holds or not.

   Further, if one is supporting the Pipe Model of RFC 3270 [RFC3270],
   there are good reasons to create label stacks in which Explicit NULL
   is at the top of the label stack, but a non-null label is at the
   bottom.

   RFC 3270 specifies the procedures for MPLS support of Differentiated
   Services.  In particular, it defines a "Pipe Model" in which (quoting
   from RFC 3270, Section 2.6.2):



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    "tunneled packets must convey two meaningful pieces of Diff-Serv
    information:

     - the Diff-Serv information which is meaningful to intermediate
       nodes along the LSP span including the LSP Egress (which we refer
       to as the 'LSP Diff-Serv Information').  This LSP Diff-Serv
       Information is not meaningful beyond the LSP Egress:  Whether
       Traffic Conditioning at intermediate nodes on the LSP span
       affects the LSP Diff-Serv information or not, this updated Diff-
       Serv information is not considered meaningful beyond the LSP
       Egress and is ignored.

     - the Diff-Serv information which is meaningful beyond the LSP
       Egress (which we refer to as the 'Tunneled Diff-Serv
       Information').  This information is to be conveyed by the LSP
       Ingress to the LSP Egress.  This Diff-Serv information is not
       meaningful to the intermediate nodes on the LSP span."

   When the Pipe Model is in use, it is common practice for the LSP
   Egress to bind Explicit Null to the tunnel's FEC.  The intention is
   that the LSP Diff-Serv information will be carried in the EXP bits of
   the Explicit Null label stack entry, and the tunneled Diff-Serv
   information will be carried in whatever is "below" the Explicit Null
   label stack entry, i.e., in the IP header DS bits or in the EXP bits
   of the next entry on the MPLS label stack.

   Naturally, this practice causes a problem if the Pipe Model LSP is
   being used to tunnel MPLS packets (i.e., if Condition L does not
   hold).  With strict adherence to RFCs 3031 and 3036, this practice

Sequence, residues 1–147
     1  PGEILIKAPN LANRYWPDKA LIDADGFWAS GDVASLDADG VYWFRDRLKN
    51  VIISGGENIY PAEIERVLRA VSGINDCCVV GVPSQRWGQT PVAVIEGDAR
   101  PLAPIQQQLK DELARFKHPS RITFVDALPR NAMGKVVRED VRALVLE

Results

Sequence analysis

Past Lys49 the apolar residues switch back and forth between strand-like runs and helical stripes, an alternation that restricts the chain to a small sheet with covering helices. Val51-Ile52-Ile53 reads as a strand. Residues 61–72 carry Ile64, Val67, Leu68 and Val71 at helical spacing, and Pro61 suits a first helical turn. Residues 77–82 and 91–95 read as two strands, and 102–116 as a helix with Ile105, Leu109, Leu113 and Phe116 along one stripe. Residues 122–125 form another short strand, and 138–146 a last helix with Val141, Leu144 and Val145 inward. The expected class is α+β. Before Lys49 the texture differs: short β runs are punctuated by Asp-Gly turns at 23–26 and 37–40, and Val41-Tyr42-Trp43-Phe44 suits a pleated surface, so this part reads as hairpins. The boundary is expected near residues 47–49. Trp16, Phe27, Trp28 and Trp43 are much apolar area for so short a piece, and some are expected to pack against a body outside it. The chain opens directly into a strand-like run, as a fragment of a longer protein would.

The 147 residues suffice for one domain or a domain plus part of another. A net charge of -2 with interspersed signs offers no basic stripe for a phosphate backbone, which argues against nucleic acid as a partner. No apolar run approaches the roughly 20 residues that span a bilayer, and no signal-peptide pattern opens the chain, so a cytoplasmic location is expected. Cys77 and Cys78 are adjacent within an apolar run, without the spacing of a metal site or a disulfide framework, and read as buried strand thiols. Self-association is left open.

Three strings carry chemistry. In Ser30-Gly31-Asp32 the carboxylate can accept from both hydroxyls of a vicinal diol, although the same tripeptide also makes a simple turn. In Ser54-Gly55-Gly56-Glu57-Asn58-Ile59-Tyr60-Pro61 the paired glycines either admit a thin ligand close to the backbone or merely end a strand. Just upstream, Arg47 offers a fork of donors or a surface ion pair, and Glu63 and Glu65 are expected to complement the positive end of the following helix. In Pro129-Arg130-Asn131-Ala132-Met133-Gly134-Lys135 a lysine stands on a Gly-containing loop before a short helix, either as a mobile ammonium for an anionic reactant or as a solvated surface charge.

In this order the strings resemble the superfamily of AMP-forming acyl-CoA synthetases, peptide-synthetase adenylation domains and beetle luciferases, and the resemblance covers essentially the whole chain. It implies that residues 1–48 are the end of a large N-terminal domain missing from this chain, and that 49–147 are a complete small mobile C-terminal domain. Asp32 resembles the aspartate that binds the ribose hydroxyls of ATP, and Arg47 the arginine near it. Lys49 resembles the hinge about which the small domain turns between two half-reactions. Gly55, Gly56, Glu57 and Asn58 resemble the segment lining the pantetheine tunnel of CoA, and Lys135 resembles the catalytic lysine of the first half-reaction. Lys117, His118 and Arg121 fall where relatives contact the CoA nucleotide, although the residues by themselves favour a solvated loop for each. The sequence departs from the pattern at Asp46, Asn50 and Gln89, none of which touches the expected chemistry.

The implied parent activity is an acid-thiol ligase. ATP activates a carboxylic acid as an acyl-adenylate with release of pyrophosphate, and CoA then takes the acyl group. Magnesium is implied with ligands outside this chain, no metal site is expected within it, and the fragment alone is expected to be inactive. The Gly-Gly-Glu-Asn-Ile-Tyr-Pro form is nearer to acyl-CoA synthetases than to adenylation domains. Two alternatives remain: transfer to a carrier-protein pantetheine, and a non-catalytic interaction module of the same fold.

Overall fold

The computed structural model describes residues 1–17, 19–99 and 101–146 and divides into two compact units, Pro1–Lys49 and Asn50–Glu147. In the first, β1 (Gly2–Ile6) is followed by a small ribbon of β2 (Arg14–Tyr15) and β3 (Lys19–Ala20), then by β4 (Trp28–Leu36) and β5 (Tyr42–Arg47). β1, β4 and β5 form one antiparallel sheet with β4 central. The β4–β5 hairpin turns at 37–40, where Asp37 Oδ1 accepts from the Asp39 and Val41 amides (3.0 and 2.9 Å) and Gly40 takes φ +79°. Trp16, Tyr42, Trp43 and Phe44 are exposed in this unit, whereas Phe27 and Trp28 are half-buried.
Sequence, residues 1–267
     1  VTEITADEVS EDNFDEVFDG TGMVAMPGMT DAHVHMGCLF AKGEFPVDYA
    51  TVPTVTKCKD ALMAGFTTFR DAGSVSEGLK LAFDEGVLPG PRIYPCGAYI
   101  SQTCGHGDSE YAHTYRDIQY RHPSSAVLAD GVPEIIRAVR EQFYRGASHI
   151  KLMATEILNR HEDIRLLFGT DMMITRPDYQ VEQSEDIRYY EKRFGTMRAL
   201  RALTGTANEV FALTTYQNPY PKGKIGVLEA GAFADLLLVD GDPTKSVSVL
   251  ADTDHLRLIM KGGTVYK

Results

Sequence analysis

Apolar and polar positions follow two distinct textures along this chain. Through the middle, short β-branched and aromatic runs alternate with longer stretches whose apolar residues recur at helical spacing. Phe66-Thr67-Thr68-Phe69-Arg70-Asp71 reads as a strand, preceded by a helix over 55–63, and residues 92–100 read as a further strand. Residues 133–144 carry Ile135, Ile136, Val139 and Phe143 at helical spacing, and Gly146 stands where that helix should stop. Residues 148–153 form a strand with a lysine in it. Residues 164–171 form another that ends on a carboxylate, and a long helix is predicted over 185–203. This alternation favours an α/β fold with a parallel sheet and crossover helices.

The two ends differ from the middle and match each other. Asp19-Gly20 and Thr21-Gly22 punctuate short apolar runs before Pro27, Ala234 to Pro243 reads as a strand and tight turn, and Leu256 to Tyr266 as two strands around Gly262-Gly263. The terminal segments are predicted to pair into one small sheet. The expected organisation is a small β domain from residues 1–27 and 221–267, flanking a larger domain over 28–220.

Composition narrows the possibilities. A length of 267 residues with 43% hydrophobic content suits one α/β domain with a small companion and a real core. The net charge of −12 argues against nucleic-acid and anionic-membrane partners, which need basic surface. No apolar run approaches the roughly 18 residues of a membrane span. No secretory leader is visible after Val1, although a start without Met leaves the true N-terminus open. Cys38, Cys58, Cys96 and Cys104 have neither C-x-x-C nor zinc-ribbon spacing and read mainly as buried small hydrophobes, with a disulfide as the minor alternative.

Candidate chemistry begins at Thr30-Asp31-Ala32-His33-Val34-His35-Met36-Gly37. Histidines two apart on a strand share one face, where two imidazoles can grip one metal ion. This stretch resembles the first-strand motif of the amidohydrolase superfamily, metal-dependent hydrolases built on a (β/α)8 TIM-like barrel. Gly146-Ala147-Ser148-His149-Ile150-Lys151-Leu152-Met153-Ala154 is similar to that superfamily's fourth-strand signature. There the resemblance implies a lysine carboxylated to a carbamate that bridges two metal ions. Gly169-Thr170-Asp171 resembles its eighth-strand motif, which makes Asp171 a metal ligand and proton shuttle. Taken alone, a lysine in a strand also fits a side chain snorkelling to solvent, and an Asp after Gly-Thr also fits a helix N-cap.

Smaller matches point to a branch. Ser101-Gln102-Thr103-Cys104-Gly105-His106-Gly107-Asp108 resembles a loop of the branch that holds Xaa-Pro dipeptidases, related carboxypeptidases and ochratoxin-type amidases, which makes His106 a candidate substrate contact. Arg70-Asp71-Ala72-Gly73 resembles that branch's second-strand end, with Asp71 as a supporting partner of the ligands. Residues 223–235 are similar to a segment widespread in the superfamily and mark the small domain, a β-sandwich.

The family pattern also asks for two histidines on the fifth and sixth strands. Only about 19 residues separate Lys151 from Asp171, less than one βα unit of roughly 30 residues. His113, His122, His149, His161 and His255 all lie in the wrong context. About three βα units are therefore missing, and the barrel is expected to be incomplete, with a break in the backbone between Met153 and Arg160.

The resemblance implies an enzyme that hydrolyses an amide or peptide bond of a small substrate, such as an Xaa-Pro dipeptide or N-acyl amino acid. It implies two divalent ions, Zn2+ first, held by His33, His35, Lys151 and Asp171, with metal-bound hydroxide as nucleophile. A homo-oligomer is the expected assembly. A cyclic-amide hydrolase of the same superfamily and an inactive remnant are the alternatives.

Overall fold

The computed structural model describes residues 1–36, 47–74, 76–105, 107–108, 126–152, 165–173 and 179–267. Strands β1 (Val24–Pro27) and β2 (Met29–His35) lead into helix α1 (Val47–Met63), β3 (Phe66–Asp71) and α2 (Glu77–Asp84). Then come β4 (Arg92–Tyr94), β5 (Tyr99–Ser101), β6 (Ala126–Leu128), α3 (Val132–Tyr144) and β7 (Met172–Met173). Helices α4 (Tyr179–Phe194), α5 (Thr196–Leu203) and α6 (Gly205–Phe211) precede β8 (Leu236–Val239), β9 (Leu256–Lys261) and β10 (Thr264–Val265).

results in an MPLS packet where Explicit NULL is at the top of the
   label stack, even though it is not the only entry in the label stack.
   However, RFC 3032 makes this packet illegal.

   Some implementations simply transmit the illegal packet.  Others try
   to convert it to a legal packet by stripping off the Explicit NULL
   before transmitting it.  However, that breaks the Pipe Model by
   discarding the LSP Diff-Serv information.  It is conceivable that
   there may be an implementation that drops the illegal packet
   entirely; this would also break the Pipe Model, as it would lose not
   only the LSP Diff-Serv information, but the entire packet.

   Of course the LSP egress is not compelled to bind Explicit NULL to
   the tunnel's FEC; an ordinary label could be used instead.  However,
   using Explicit NULL enables the egress to determine immediately
   (i.e., without need for lookup in the Label Information Base) that
   the further forwarding of the packet is to be determined by whatever
   is below the label.  Avoiding this lookup can have favorable
   implications on forwarding performance.



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   Removing the restriction that Explicit Null only occur at the bottom
   of the stack is the simplest way to facilitate the proper operation
   of the Pipe Model.

4.  Deployment Considerations

   Implementations that adhere to this specification will interoperate
   correctly, and will correctly support the Pipe Model.

   Implementations that do not adhere to this specification may not
   interoperate.  In particular, if a router advertises a binding of
   Explicit NULL, and if that router has an upstream LDP peer that will
   not transmit a packet that has multiple label stack entries with
   Explicit Null at top of the stack, then it will not be possible to
   use Explicit NULL to support the Pipe Model until the upstream LDP
   peer is brought into compliance with this specification.

   It is possible that there may be a router implementation, preceding
   this specification, which will discard any received packet with
   multiple label stack entries and a top label value of Explicit Null.
   It is advisable to configure any such routers so that they do not
   advertise any bindings to Explicit Null.

5.  Security Considerations

   This document updates RFC 3032 by allowing Explicit NULL to occur at
   any position in the label stack.  This modification does not impose
   any new security considerations beyond those discussed in RFC 3032.

6.  Acknowledgments

   Thanks to Rahul Aggarwal, Francois LeFaucheur, Yakov Rekhter, and Dan
   Tappan for their helpful comments.

7.  Normative References

   [RFC3032]  Rosen, E., Tappan, D., Fedorkow, G., Rekhter, Y.,
              Farinacci, D., Li, T., and A. Conta, "MPLS Label Stack
              Encoding", RFC 3032, January 2001.

8.  Informative References

   [RFC3270]  Le Faucheur, F., Wu, L., Davie, B., Davari, S., Vaananen,
              P., Krishnan, R., Cheval, P., and J. Heinanen, "Multi-
              Protocol Label Switching (MPLS) Support of Differentiated
              Services", RFC 3270, May 2002.





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Author's Address

   Eric C. Rosen
   Cisco Systems, Inc.
   1414 Massachusetts Avenue
   Boxborough, MA 01719

   EMail: erosen@cisco.com











































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Full Copyright Statement

   Copyright (C) The Internet Society (2005).

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Acknowledgement

   Funding for the RFC Editor function is currently provided by the
   Internet Society.